• ...Finally, the implications vary enormously by region. Alberta, Saskatchewan and Newfoundland suffer, while others benefit (or at least suffer less). Alberta and Saskatchewan leading indicators are already flirting with 2009 type levels. Similarly, their existing home sales have fallen out of bed (though home prices and housing starts are proving more resilient, as they did in the 2008-09 oil price correction).
  • Canada's pain is rooted in the energy market, so perhaps you could give us your take on oil. Should the oil patch get used to $50-per-barrel crude oil?
  • Allow me to inject a dose of optimism into the subject of oil prices. There can be little doubt that oil prices have substantially overshot (or is that undershot) fair value. To illustrate, fully half of global oil production is not viable at current prices. If you think half of the world's oil supply needs to go away, then $50 is the price for you. If, instead, you recognize that the global oil supply is only running about 2% ahead of global demand, then a fair price would be significantly higher than that...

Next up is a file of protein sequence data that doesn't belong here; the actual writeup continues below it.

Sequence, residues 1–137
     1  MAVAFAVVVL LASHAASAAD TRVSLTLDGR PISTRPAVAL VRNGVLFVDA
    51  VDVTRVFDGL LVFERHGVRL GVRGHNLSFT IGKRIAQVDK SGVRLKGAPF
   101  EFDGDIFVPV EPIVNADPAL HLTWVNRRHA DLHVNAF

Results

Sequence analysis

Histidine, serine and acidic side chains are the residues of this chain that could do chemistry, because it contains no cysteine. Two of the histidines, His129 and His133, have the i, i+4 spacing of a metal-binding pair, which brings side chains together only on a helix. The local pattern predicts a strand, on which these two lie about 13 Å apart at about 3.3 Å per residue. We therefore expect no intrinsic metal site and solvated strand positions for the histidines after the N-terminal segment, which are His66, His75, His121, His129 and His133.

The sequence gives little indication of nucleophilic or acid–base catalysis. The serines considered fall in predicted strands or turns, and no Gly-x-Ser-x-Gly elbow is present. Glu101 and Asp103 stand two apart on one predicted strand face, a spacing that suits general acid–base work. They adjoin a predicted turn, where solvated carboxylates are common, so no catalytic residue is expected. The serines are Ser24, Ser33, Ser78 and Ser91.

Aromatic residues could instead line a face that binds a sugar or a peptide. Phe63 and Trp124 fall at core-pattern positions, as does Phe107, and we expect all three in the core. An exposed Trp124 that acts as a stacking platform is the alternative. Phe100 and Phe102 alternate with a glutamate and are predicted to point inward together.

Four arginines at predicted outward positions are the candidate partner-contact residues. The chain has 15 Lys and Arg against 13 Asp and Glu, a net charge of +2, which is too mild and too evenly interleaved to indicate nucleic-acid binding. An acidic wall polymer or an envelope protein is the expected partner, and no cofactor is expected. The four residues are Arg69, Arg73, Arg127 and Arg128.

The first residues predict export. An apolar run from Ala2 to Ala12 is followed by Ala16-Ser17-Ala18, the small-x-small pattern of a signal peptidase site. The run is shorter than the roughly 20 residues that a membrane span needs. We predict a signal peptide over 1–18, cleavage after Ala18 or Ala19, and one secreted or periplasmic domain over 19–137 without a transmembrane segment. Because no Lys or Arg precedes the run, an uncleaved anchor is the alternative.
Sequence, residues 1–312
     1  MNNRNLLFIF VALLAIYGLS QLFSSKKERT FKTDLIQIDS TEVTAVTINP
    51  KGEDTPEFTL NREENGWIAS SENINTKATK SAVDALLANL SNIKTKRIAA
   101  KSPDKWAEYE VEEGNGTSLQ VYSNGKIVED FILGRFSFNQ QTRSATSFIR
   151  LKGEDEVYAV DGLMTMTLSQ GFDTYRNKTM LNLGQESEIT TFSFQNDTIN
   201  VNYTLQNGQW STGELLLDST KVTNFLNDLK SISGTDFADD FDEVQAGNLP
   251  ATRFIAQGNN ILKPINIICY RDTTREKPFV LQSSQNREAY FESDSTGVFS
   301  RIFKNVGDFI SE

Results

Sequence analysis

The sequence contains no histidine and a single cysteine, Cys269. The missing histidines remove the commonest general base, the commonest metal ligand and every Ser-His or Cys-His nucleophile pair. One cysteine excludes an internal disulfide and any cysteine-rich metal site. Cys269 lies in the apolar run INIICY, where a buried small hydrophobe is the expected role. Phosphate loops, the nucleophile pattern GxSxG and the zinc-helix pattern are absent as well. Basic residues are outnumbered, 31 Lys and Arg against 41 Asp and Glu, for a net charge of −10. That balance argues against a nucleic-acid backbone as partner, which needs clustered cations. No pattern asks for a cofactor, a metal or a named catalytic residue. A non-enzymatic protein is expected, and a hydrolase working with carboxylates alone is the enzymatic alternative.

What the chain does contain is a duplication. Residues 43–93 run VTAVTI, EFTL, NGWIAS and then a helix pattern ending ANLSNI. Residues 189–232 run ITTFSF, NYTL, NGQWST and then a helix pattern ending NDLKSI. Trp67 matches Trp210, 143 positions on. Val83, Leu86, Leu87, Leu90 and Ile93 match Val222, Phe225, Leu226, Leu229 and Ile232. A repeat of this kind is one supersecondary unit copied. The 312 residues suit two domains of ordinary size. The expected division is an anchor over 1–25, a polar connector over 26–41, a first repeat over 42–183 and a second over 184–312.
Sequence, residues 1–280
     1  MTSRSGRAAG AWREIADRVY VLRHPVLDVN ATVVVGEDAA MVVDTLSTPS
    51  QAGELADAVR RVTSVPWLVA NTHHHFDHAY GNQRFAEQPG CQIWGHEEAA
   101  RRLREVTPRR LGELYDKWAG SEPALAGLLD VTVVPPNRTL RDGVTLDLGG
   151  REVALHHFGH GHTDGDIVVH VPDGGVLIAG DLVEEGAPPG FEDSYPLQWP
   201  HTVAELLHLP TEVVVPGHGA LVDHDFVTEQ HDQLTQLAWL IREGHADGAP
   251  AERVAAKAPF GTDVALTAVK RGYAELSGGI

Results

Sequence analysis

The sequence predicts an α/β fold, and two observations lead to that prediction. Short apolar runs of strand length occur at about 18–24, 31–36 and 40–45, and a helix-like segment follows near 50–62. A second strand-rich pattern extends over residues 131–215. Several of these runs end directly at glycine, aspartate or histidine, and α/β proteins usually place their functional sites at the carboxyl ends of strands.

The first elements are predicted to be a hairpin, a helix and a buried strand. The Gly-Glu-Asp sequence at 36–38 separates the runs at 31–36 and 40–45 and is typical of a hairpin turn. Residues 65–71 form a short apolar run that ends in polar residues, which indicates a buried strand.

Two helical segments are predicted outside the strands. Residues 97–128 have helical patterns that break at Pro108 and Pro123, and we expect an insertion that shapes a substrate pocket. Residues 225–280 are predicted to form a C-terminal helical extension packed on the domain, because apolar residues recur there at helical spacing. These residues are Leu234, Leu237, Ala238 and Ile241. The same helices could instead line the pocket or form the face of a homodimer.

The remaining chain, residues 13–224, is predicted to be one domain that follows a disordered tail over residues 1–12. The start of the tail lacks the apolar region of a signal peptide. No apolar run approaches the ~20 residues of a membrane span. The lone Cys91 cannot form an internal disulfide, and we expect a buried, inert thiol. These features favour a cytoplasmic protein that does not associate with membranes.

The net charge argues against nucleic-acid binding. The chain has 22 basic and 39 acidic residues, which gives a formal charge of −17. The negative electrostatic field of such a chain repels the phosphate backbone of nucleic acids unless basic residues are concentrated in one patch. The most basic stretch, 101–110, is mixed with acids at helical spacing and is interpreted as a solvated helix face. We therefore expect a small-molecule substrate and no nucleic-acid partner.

• ...Our modelling argues that low oil prices paired with OK global economic growth should add 2 million barrels per day of oil demand over the next year -- enough to wipe out the supply-demand mismatch all by itself. Meanwhile, on the supply side, we are already seeing evidence of an adjustment...
  • ...Normally, OPEC would simply cut production and resolve any supply-demand mismatch fairly quickly. Of course, they opted not to do that, in part to punish shale oil, in part for internal coordination problems. I'd give a 1 in 3 chance that OPEC cuts production by June given some of the fiscal pressures building among their weaker members, but that isn't my base case. Rather, market forces are going to have to resolve this one...
  • ...You might think that the excess supply should naturally come from the most expensive sources of oil (like Canadian oil sands). But that isn't necessarily the case. In actual fact, what matters is how quickly oil production tails off when investment ceases. You see, oil investment is being ratcheted back around the world. But this will have very little effect on Canadian oil production given that the existing projects have multi-decade lifespans. Instead, U.S. shale oil is the most viable candidate to substantially cut production. Fully 50-70% of a well's production is over within a year, and so a decline in investment should have the greatest production effect there...